The First Synthpop Song, Part One

Published on July 30th, 2008 in: Issues, Music, Pop Culture Holy Grail |

By Less Lee Moore

Read Part Two here.
Read Part Three here.

Although I usually consider the search for the Pop Culture Holy Grail to be a quest for a tangible object, this time around it was something more esoteric.

hot butter popcorn

It all started back in January when fellow Popshifter writer Hanna and I were discussing Dave Markey’s short film Popcorn, which features a piece of music of the same name: “Popcorn” by Hot Butter. According to Hanna, this piece was the subject of some controversy amongst musicologists (okay, music geeks). Apparently, there is considerable debate over whether or not “Popcorn” or “Son of My Father” by Chicory Tip is the first synthpop song. Intrigued, I did some Googling and found much more than I bargained for.

First, let’s address the heart of the matter: what was the first synthpop song? To answer that, we should probably first determine what synthpop is in the first place.

Wikipedia’s entry on the term is fairly polemic and cites no sources: “Synthpop is a subgenre of New Wave in which the synthesizer is the dominant musical instrument.” (1)

I’m old enough to remember New Wave so I can tell you synthpop can’t possibly be a subgenre of a movement that didn’t come about until after punk exploded in the U.S. in the mid-1970s. After all, both “Popcorn” and “Son of My Father” were on the charts at least six years before that.

Additional Google search results for “synthpop” yielded equally implausible and ridiculous claims. (2) There are references to The Human League’s Dare album from 1981 and assertions that Suicide was the first synthpop band, even though they didn’t release anything until 1977. (3) The most bizarre declaration comes from a message board topic on “The Most Influential Synthpop Bands” from Side-Line.com:

Kraftwerk—The Model (This is definitely the first synth “pop” song, other than maybe “United” from Throbbing Gristle) (4)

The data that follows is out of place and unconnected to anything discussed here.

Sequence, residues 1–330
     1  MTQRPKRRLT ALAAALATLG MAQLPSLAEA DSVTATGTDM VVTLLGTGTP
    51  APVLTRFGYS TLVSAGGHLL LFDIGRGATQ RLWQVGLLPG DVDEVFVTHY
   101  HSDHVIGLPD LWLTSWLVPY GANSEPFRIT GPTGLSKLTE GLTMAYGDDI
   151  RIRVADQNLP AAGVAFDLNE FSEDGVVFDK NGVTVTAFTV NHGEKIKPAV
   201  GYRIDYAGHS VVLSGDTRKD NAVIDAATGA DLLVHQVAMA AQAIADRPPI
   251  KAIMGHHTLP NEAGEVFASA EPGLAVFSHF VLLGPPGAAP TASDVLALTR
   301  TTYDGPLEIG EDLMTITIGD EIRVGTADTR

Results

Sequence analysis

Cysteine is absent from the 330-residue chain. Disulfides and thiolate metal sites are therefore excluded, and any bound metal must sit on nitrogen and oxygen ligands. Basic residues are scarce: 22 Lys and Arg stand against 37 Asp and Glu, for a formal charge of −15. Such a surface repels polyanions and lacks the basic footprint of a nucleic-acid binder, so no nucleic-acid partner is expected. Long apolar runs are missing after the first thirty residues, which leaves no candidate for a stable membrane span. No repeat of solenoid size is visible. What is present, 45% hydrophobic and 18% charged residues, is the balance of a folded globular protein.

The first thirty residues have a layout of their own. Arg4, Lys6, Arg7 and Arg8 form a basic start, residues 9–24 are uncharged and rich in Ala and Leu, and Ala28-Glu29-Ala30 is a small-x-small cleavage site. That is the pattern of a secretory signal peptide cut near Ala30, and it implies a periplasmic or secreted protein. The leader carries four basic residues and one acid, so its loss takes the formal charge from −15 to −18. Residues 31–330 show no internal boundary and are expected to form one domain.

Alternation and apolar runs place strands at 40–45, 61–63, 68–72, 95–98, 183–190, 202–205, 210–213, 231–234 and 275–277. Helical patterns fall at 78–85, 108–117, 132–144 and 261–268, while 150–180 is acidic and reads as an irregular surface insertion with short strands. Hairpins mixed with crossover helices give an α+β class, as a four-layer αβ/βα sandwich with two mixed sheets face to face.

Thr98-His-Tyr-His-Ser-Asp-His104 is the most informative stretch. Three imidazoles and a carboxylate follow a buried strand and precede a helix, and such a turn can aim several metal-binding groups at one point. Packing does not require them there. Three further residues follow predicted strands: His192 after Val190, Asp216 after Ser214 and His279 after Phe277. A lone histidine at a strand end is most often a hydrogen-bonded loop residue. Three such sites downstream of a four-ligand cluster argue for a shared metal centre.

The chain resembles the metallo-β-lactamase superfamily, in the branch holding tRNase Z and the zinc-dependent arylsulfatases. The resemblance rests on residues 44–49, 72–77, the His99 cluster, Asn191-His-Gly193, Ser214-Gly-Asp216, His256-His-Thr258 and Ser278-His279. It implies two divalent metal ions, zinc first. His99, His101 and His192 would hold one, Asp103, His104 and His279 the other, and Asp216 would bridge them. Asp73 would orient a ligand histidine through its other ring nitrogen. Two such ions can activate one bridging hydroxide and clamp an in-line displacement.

Good gracious. If Throbbing Gristle is “synthpop” then I’m Kim Jong Il (and I’m not).

The Stargarden Synthpop fanlisting can’t even provide a concrete answer; the manager admits to using the term “broadly” and lists the same bands found on that Wikipedia entry, which interestingly, does not include Chicory Tip or Hot Butter. (5)

lothar and the hand people

The only piece of evidence I could find which pointed to synthpop coming into existence before punk is an entry from the PowerPop Blog which claims that obscure late ’60s band Lothar and the Hand People’s cover of a Manfred Mann song is “pretty definitely the first synth-pop song ever.” (6)

I listened to the song and yes, it’s got some synth to it, but did this mean that Manfred Mann were the progenitors of this genre? I needed an expert opinion, so I went to Roger Manning (of Jellyfish, Imperial Drag, and more significantly, Moog Cookbook). After all, he has more than 50 keyboards at his house, so I trust his judgment. He suggested that I approach the other half of Moog Cookbook, Brian Kehew.

Brian got to the crux of the matter, by addressing the word “synthpop” itself and how the word “pop” comes from “popular.” This convinced me I should concentrate on charting records, not unknowns like Lothar and the Hand People (no offense there, Lothar). “What is a synthesizer anyway?” asked Brian rhetorically. “An organ creates tones from oscillators and filters. . . it’s a tough call.”

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5 Responses to “The First Synthpop Song, Part One”


  1. Popshifter » The First Synthpop Song, Part Two:
    September 29th, 2008 at 10:10 pm

    […] By Less Lee Moore In the July/August 2008 issue of Popshifter, I attempted to answer the question, “What was th… […]

  2. Popshifter » The First Synthpop Song, Part Three:
    November 30th, 2008 at 12:25 am

    […] In the July/August 2008 issue of Popshifter, I attempted to answer the question, “What was the…Not being able to resolve the quandary quite so easily in one article, I delved further into the issue in our September/October issue. […]

  3. Popshifter » MoogFest 2010: If You Build A Synth Fest, They Will Come:
    September 23rd, 2010 at 10:02 am

    […] of awesome music by the likes of Perrey & Kingsley, Kraftwerk, Tangerine Dream, Hot Butter (of “Popcorn” fame), Giorgio Moroder, Gary Numan, Roger Joseph Manning Jr. and Brian Kehew of The Moog Cookbook, and […]

  4. Mike:
    March 14th, 2017 at 1:22 pm

    I have had an early 70’s synthpop riff going round my head for about 4 months now and have tried so many searches to try and find it when i read this article and you mentioned Chickory Tip – it instantly came back to me – Thanks so much – a really interesting article

  5. Popshifter:
    March 14th, 2017 at 2:42 pm

    Hi Mike! I’m glad I could help you in your quest.

    Best,
    LLM

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